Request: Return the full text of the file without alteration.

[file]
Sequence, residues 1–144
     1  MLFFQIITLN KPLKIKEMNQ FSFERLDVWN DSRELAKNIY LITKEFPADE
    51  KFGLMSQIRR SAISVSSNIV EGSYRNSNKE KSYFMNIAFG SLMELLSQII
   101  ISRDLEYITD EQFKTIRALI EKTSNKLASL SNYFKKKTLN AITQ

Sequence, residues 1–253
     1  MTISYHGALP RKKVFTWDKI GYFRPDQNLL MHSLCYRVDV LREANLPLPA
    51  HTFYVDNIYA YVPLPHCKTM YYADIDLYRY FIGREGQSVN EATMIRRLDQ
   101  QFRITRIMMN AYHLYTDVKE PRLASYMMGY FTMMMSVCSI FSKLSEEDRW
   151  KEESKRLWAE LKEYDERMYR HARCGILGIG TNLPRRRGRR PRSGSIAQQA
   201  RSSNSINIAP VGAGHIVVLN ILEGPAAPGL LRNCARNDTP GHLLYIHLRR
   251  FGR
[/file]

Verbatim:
Sequence, residues 1–144
     1  MLFFQIITLN KPLKIKEMNQ FSFERLDVWN DSRELAKNIY LITKEFPADE
    51  KFGLMSQIRR SAISVSSNIV EGSYRNSNKE KSYFMNIAFG SLMELLSQII
   101  ISRDLEYITD EQFKTIRALI EKTSNKLASL SNYFKKKTLN AITQ

Sequence, residues 1–253
     1  MTISYHGALP RKKVFTWDKI GYFRPDQNLL MHSLCYRVDV LREANLPLPA
    51  HTFYVDNIYA YVPLPHCKTM YYADIDLYRY FIGREGQSVN EATMIRRLDQ
   101  QFRITRIMMN AYHLYTDVKE PRLASYMMGY FTMMMSVCSI FSKLSEEDRW
   151  KEESKRLWAE LKEYDERMYR HARCGILGIG TNLPRRRGRR PRSGSIAQQA
   201  RSSNSINIAP VGAGHIVVLN ILEGPAAPGL LRNCARNDTP GHLLYIHLRR
   251  FGR